In conversation with Jon Sopel, Former BBC North America editor

In conversation with Jon Sopel, Former BBC North America editor

Jon Sopel, former BBC North America Editor, joined Tortoise Editor James Harding and Tulchan guests to discuss the war in Ukraine, US foreign policy, whether Trump will run again and the purpose of journalism in an age of partisan politics.

16.03.22

The US response to Russia’s invasion of Ukraine – with economic sanctions rather than muscular power – shows that caution is a continuity from the Trump years.

  • Everyone thought Biden’s election victory would bring a handbrake turn on US foreign policy compared to Trump – but there’s a streak of isolationism in Biden too, Sopel said. This was clearly on display in the decision to pull troops out of Afghanistan and is on display again now.
  • The difference is that “If Donald Trump had been president now, the invasion would have happened, but it would have been an open door policy to have tried to thwart the ambitions of Vladimir Putin under Donald Trump,” Sopel said. Trump never criticised Putin; he trusted him more than his own intelligence services (as seen in Helsinki) and was somewhat in awe of Putin’s “tough guy” approach.

The war in Ukraine may force the US to shift its approach to Europe – if Putin’s atrocities become even more egregious.

  • There’s an even longer line of continuity between US presidents – “from Obama to Trump to Biden” in the idea that America should focus on Asia, and Europe should look after itself. America’s strategy has been to ask Russia to stop its aggression, but not to make it.
  • This war may expose the limits of that approach – if Putin commits an atrocity so egregious that it galvanises the US population. Republicans said Ukraine was full of gangsters, but Americans now see clearly that Putin’s Russia is the threat. The Republicans have to get back on board.

Nobody knows what the end-game will be – but it is likely to be bad for Putin.

  • The US doesn’t know how to read Putin. “It is hard to see what the ideology [of Putin] is, apart from this fierce nationalism,” and the idea Ukraine shouldn’t exist,” said Sopel. People are afraid that if they face Putin down, he will blow everything up. “Nobody can see what the end game looks like, what the exit ramp is for Putin to get himself off the hook that he now seems to be firmly attached to,” said Sopel.
  • The war is going to be economically painful for Russians and Americans. Putin likely thinks that in this “arm wrestle” it is Russians who can stand more pain – because as a nation they are more familiar with it. That may be true for the everyday citizen. But the elite, who are used to sending their kids to UK private schools and going skiing in Courcheval will start to question if they really want to go back to the Cold War.

In US politics: if Trump isn’t running in 2024, it will be someone Trumpian.

  • Trump’s poll ratings are down and people are “prising themselves away” from the narrative that the election was stolen and that January 6 rioters should be pardoned. He also can’t let go of the last election (something that never wins the next one). However, he still has a command over the Maga grassroots and 50-60 per cent of Trump voters (35 million people) do still believe the election was stolen.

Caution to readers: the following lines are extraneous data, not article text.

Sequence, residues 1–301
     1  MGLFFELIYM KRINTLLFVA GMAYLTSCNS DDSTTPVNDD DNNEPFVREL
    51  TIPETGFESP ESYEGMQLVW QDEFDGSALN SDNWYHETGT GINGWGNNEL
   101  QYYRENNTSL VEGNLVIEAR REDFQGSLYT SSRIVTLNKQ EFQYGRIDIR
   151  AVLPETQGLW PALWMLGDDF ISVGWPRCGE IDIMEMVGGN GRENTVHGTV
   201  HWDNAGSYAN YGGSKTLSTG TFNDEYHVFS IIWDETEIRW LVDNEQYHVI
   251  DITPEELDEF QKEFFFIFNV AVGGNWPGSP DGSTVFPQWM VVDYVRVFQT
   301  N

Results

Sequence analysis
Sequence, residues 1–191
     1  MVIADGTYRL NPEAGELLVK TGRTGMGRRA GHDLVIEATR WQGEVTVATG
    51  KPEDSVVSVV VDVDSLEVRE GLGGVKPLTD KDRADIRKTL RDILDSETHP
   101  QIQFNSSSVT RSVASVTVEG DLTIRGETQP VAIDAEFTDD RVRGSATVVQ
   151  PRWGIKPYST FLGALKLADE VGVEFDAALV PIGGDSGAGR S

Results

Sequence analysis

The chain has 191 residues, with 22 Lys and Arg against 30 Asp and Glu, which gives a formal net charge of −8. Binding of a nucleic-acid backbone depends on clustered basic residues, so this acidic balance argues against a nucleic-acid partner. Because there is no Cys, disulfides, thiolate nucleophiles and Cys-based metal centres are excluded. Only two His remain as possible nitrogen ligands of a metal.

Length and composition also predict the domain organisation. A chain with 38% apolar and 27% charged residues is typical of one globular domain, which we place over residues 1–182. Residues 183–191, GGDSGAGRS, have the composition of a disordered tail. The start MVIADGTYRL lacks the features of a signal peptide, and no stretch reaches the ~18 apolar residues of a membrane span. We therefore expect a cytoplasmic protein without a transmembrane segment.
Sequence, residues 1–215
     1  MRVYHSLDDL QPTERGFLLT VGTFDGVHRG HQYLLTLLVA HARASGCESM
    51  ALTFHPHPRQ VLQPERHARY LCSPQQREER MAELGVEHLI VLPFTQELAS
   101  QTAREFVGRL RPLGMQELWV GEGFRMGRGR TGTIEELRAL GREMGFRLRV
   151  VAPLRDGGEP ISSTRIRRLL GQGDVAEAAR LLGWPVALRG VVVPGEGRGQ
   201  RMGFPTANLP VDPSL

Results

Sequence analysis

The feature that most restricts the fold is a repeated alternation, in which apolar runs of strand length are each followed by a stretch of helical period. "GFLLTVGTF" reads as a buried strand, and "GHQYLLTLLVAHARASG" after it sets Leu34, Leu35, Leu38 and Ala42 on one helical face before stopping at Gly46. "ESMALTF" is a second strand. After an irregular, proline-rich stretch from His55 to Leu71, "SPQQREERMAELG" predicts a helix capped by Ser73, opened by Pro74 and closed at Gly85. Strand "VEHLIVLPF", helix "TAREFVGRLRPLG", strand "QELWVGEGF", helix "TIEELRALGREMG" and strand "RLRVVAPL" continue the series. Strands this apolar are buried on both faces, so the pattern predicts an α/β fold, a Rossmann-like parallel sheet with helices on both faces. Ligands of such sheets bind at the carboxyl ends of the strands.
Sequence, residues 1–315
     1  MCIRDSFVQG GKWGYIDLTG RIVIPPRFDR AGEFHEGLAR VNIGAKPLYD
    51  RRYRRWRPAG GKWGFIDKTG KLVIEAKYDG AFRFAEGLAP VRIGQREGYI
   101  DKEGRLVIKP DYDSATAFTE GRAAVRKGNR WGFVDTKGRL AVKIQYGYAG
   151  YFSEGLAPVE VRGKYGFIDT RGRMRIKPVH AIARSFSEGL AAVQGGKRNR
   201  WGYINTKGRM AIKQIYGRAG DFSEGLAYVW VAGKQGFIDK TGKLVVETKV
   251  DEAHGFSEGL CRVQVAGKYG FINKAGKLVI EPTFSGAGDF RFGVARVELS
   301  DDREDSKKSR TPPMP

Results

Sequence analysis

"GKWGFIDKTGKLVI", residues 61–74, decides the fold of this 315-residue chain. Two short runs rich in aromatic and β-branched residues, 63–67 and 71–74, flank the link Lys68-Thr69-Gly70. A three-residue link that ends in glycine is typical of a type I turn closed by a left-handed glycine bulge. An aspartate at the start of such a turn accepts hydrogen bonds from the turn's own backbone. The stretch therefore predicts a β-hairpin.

• Others to watch include: Mike Pence, who is being openly critical of Trump and spending big in key districts; Mike Pompeo, who has lost 4-5 stone in weight. He’s either seriously ill or he’s running, Sopel said; and Ron DeSantis, governor of Florida, who is really annoying Trump. “The fact that Ron de Santis is really irking [Trump] suggests that he is a potential danger,” Sopel said.
  • Investigations into Fulton County (where Trump asked the governor to find him 11,000 votes) and the January 6 commission could stop Trump running. If he does run on the “stolen election” narrative, he will unite swathes of society against him. “I don’t see how you stop Trump getting the nomination but I struggle to see how he wins,” Sopel said.

There isn’t a clear choice for the Democrats, either.

  • The job numbers look good for Biden, and the Russian invasion has given him a purposefulness that he was missing – but he is just so old. The slips and missteps are getting worse. His great campaigning achievement in the pandemic election was that he was in his basement in Wilmington – he can’t repeat that, and he can’t fire up the crowds as he would need to.
  • There is a degree of misogyny in the anti-Kamala Harris feeling – the idea in Washington that “she’s too ambitious”. However, her office is said to be dysfunctional, and she has been weak at setting out what she wants to achieve.
  • The one to watch is Pete Buttigieg. He could sit out the next seven presidential elections, run in 2052 and still be younger than Joe Biden was when he ran in 2020. But he is also “Mr Bountiful” – as Secretary of Transport he is benefitting from the recent infrastructure spending commitments, travelling around the country, with a chequebook to pay for new railway lines, roads and bridges. He can tell cities: “Look at what we are re-building.” Is America ready for a gay president who is married, took paternity leave when he adopted a child though? “I don’t know,” Sopel said.

Impartiality in news is a principle that should be fought for and defended.

  • In a digital age, journalists can reach audiences in new and exciting ways. “Great podcasts can come from anywhere and it doesn’t need to have big branding,” Sopel said.
  • There’s never been a more difficult or a more important time to be a journalist and to tell compelling stories of truth, “because we see what happens when falsehood reigns,” Sopel said. One need only look at Russia, and the lies Putin is telling people about the war.